My Trips to the Hospital

About Me

My Trips to the Hospital

Hi, I'm Cari. When I was a teenager, my best friend Claire's mom got cancer. I started offering to take Deb (the mom) to the hospital for her treatments to help give the family a break. They had all been in and out of the hospital so much, and since I'm basically family to them, it was nice to support Deb and Claire. Not to mention, I was able to learn a lot about different medical topics just be listening and watching while waiting in the hospital. It was fascinating. To everyone's joy, after a long and hard two years, Deb finally beat cancer! I decided to start this blog as a memorial to all those who have struggled with health problems and as a resource to for anyone who needs to know more about hospitals and treatments.



Options For Expectant Parents Of Children With Serious Genetic Disorders

No expectant parent ever expects their and their child's future to include a serious genetic order, but this is a reality for millions of pregnant couples. According to Global Genes, there are tens of millions of U.S. citizens who been diagnosed with an uncommon genetic order. Some genetic disorders can threaten the life of both the unborn child and the mother, facilitating medical professional to recommend medical abortions in some very select circumstances. Choosing to continue with a pregnancy or terminate when there is an inherit risk to mother and child is a personal matter that can only be decided when all of the facts are known.

Caring for A Child With a Rare Genetic Disorder

Some genetic disorders, such as hemophilia, can and have been successfully managed in children and adults. Depending on the type of genetic disorder a baby has been diagnosed with, parents will have varying degrees of continued contact with medical professionals. Children with genetic disorders that can be managed for medication may need to visit a specialist only a few times per years while other kids will be hospitalized regularly. In addition to determining how raising a child with a genetic disorder will impact your family, you also need to weigh how the child's childhood will be affected.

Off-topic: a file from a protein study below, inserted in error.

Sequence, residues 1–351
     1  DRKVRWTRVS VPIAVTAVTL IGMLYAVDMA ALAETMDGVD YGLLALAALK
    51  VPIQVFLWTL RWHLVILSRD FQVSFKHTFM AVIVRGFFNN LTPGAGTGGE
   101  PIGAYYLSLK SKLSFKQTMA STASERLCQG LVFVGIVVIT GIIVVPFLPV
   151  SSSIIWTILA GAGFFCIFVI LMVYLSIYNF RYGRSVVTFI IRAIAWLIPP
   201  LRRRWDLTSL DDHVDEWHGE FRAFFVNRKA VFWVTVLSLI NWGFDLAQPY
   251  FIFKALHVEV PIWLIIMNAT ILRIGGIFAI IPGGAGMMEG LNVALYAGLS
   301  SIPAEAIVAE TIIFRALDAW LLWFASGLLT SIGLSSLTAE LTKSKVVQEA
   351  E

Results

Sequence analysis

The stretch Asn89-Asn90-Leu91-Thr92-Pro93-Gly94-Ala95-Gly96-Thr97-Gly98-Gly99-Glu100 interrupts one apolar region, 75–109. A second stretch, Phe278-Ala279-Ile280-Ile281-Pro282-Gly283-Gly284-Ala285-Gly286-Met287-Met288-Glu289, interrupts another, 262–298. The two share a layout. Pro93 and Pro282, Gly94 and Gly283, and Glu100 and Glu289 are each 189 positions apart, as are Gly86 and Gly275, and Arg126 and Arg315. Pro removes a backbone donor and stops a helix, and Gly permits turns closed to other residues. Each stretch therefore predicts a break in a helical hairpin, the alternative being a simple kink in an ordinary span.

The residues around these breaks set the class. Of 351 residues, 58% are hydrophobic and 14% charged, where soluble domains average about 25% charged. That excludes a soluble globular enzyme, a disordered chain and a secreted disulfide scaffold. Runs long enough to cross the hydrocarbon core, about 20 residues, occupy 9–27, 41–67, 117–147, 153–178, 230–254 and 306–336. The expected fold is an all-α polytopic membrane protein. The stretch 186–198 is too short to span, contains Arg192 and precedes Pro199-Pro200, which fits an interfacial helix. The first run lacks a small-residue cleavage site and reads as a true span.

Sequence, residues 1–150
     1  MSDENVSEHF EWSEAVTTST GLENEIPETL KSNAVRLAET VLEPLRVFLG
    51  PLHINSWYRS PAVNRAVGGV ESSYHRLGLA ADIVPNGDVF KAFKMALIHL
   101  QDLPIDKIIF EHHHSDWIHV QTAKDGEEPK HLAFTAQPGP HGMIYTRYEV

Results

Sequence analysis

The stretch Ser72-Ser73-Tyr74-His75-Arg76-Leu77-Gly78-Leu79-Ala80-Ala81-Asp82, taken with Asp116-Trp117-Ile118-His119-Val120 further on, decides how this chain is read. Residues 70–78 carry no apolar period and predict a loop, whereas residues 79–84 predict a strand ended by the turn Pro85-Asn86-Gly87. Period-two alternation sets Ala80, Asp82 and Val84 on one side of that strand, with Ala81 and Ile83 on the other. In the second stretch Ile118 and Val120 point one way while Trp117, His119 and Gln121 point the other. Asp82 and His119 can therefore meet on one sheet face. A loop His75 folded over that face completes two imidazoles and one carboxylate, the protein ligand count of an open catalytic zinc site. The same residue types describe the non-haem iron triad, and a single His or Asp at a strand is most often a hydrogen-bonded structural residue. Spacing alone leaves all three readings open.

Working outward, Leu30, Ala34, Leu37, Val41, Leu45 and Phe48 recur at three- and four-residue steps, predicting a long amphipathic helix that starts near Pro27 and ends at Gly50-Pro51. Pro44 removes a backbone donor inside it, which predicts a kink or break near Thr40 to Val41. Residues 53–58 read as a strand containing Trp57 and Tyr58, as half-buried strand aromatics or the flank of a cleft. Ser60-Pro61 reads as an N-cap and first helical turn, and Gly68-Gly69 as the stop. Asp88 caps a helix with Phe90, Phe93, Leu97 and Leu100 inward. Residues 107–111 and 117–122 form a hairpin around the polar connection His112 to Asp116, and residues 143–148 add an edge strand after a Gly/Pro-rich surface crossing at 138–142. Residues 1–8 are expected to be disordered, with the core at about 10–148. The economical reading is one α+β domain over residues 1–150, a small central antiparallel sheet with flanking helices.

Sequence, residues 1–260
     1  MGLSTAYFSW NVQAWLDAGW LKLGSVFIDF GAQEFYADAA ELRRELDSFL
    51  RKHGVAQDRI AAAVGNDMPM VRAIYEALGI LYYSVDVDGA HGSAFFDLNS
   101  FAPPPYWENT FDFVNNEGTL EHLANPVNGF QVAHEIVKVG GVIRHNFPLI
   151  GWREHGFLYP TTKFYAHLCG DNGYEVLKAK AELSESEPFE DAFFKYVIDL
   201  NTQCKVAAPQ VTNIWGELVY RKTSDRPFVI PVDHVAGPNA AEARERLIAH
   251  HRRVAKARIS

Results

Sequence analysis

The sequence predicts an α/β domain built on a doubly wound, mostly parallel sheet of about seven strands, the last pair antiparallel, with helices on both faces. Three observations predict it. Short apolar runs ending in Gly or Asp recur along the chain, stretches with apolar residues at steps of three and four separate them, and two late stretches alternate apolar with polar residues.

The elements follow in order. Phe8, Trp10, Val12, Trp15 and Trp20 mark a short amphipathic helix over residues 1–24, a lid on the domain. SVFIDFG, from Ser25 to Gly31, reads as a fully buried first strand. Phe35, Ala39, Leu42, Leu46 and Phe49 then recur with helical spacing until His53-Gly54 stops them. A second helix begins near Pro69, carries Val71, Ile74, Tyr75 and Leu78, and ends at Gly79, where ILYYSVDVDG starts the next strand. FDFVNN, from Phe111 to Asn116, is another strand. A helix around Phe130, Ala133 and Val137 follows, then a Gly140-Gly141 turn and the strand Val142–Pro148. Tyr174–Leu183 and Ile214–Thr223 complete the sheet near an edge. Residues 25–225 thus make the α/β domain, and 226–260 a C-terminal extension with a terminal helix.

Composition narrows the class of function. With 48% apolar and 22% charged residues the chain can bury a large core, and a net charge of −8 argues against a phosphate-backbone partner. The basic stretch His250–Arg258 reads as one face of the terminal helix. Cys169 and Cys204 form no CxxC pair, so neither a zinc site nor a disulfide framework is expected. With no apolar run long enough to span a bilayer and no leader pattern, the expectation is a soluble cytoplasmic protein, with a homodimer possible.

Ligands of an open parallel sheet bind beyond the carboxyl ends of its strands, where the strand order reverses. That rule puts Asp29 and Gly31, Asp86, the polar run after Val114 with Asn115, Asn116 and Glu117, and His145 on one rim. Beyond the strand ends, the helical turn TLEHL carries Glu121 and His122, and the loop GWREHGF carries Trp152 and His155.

Genetic Disorders, Infants, and Adoption

Parents who do not have the emotional or financial means to care for a child with a serious genetic disorder often consider adoption as the ideal answer. There are many loving families who are happy to accept a child into their homes, regardless of what their limitations or health profiles may be. Prior to considering medical abortions it can be helpful to see what adoption agencies are nearby and what general information they have for birth parents.

Choosing to Terminate a Pregnancy Because of Genetic Disorder Concerns

The genetic testing of babies in utero is not something that is routinely done by doctors. Moreover, medical professionals have to wait until an expectant mother is in the second or third trimester of her pregnancy before said genetic tests can be performed. Amniotic fluid is taken by way of a minimally invasive procedure and then is tested by a geneticist only when there is serious reason for concern.

By examining a pregnant couple's family medical history most doctors can determine if it is likely that a baby will be born with genetic disorders. Chromosomal genetic disorders are generally considered to be the most serious kinds of inherited diseases, while single gene disorders can be much more manageable. Medical abortions are not the first option for parents who learn that their child may be born with a serious, rare, and difficult to manage genetic disorder. At the same time, if expectant parents learn that the prognosis for their child is poor, considering medical abortions may be the more humane route to go.

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